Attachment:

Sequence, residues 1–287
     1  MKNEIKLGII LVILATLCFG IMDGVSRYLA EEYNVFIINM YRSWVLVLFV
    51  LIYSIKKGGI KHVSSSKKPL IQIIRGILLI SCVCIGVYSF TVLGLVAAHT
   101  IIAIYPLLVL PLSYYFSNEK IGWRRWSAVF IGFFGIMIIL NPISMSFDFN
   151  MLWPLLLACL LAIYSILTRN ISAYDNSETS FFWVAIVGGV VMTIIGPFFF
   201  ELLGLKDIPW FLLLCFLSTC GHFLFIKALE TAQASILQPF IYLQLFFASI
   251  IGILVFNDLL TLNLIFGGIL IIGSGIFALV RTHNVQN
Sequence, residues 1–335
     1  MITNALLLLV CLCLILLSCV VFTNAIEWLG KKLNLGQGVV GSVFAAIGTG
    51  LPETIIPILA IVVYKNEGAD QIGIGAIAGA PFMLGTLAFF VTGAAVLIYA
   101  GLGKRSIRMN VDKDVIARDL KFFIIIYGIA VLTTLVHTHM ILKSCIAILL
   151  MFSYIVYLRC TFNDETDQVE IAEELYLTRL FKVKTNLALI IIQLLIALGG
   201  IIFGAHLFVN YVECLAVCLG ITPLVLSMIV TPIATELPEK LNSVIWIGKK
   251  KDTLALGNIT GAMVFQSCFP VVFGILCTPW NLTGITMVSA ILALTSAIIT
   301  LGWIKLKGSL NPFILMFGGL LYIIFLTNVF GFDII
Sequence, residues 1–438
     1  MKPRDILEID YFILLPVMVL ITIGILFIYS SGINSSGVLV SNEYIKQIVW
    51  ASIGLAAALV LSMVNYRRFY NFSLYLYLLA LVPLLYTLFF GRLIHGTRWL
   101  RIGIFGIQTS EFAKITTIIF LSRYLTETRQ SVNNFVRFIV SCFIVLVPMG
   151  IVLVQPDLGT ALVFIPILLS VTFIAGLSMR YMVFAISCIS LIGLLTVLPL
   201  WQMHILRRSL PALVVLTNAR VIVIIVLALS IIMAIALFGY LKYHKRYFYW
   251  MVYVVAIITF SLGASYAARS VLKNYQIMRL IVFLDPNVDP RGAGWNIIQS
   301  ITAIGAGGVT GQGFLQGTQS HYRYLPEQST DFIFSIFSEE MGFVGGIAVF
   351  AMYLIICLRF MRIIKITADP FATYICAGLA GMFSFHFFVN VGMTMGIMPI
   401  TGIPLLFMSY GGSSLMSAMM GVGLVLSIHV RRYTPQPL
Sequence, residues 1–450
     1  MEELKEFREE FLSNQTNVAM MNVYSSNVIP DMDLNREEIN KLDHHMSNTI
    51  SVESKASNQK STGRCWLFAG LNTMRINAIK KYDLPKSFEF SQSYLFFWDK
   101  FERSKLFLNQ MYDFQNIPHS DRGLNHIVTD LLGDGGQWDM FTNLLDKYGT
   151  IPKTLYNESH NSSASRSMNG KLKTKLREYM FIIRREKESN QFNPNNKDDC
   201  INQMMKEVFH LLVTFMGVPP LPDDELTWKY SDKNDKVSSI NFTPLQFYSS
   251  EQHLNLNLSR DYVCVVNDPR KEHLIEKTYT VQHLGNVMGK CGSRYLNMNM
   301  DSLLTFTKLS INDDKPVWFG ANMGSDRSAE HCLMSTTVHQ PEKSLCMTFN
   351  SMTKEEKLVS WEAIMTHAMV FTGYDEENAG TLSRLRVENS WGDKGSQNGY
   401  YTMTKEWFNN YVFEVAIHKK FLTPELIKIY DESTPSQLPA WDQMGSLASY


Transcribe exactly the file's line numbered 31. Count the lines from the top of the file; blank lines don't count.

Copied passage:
   201  INQMMKEVFH LLVTFMGVPP LPDDELTWKY SDKNDKVSSI NFTPLQFYSS